Trump looking to lock up more rural voters
Corey Bauch is eager to explain why he regrets not voting for Donald Trump.

The 44-year old-agreed to meet with me last week in this rural Wisconsin town (population of 1,500), where he has lived most of his life. As we talked, horse-drawn buggies from the local Amish community rolled past a small outpost of stores, on their way to nearby farms.

The libertarian Bauch was one of the few in rural Wisconsin who didn’t support Trump in 2016, saying he reminded him of an arrogant boss. But after the election, he began to see the president’s outspoken style as an antidote to Washington’s pervasive corruption.
He plans to vote for Trump next year.

Trump can win reelection in a number of ways: He could win back moderates in the suburbs, make inroads with black and Hispanic men or persuade white working-class women not to abandon him. He could also reassemble, almost to the voter, the razor-thin but winning coalition he built in 2016.

But perhaps the most likely way the president can win next November — and the way Republicans are already preparing in earnest for him to pursue — is with voters like Bauch, in rural regions of key battleground states, who didn’t back Trump in 2016 but are inclined to do so now.

“Are there more low propensity rural voters to add? Is there more meat on the bone?” said Mike Shields, a former chief of staff at the Republican National Committee. “The answer is yes. And the data backs it up.”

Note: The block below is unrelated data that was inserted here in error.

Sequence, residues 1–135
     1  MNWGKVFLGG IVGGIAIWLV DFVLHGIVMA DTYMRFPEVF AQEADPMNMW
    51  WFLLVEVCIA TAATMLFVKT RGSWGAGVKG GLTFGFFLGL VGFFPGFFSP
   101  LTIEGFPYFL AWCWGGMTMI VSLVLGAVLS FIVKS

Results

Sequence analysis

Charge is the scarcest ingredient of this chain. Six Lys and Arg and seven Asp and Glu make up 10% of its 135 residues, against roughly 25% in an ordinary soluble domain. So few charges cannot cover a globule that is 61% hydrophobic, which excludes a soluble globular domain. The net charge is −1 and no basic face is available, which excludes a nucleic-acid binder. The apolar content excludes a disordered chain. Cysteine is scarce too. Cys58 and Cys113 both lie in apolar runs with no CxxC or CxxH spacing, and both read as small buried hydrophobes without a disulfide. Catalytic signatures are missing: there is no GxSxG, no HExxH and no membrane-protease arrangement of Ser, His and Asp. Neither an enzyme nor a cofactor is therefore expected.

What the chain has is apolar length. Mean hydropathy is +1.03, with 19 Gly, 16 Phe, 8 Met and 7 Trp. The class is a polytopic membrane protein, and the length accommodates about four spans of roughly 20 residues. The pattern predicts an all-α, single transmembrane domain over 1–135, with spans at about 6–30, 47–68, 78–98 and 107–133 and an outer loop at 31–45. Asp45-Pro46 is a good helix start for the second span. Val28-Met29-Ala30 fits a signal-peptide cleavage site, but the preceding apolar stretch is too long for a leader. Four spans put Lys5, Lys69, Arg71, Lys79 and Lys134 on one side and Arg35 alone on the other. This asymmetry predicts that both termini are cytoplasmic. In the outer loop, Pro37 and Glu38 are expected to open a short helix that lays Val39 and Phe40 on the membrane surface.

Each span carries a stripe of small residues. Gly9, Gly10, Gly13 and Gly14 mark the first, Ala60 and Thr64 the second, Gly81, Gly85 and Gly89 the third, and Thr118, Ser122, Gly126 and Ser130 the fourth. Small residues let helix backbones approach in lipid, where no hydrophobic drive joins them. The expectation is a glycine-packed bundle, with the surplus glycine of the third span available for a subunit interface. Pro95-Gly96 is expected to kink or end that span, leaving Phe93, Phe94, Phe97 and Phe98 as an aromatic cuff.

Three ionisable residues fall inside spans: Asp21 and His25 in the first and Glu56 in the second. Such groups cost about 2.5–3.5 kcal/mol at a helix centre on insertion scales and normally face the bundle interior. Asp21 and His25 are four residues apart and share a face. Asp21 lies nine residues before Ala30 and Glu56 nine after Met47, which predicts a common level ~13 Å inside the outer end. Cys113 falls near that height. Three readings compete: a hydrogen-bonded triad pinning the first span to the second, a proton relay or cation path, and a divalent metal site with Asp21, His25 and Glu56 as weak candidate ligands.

When Trump won in 2016, he did so by delivering shock landslide in rural America. But rather than see his breakthrough as a high-water mark, the GOP wants more. And although it won’t be easy, Republicans insist — and Democrats privately agree — Trump can get there in places like rural Wisconsin.

Democrats are taking the threat seriously. It’s why various arms of the party, even before the party selects a nominee, have launched their own counter-effort in states such as Wisconsin, Michigan, Pennsylvania and Florida — dead-set on running the kind of effective campaign in these places they say was missing during the last presidential election.

And although it’s terrain where Trump has a distinct advantage, Republicans (often quietly) make one more point about his effort with rural voters: If Trump fails to increase his margins with rural voters, he likely loses reelection.
Jim Ryczek doesn’t like Trump, but he does marvel at how the president talks. The 71-year-old retiree had arrived at this bar in Mauston, a small town located an hour’s drive north of Madison, to talk politics and eat a lunch of pizza and cheese curds with a dozen fellow Democrats — many of whom sipped on Bloody Marys with beer chasers.

Soon the conversation turned the death of Abu Bakr al-Baghdadi, the head of ISIS, and the bombastic way Trump had spoken of it just a few hours earlier. Ryzcek shook his head: If Barack Obama had announced al-Baghdadi’s death, he said, the former president would have emphasized its “geopolitical” implications.

The Democrats, he added, simply don’t know how to talk to their friends and neighbors — but Trump does.

“Trump just said, ‘He’s a bad son of a bitch, and we got him,’” Ryczek said, eliciting murmurs of agreement from the other Democrats.

Democrats readily acknowledge that even a well-crafted, perfectly executed strategy to win over rural voters will likely only reduce his support by a few percentage points. Trump’s connection with those voters, combined with a decades-long political realignment that has made Democrats increasingly suburban and urban, make any other outcome a near impossibility.
There is much more.

Democrats will have an uphill climb in rural America.  Their policies are in many cases hostile to those living in rural America from their hatred of fossil fuels to their attempt to get people to eat less red meat produced by farmers and ranchers.  There are no Tesla tractors and other farm equipment.


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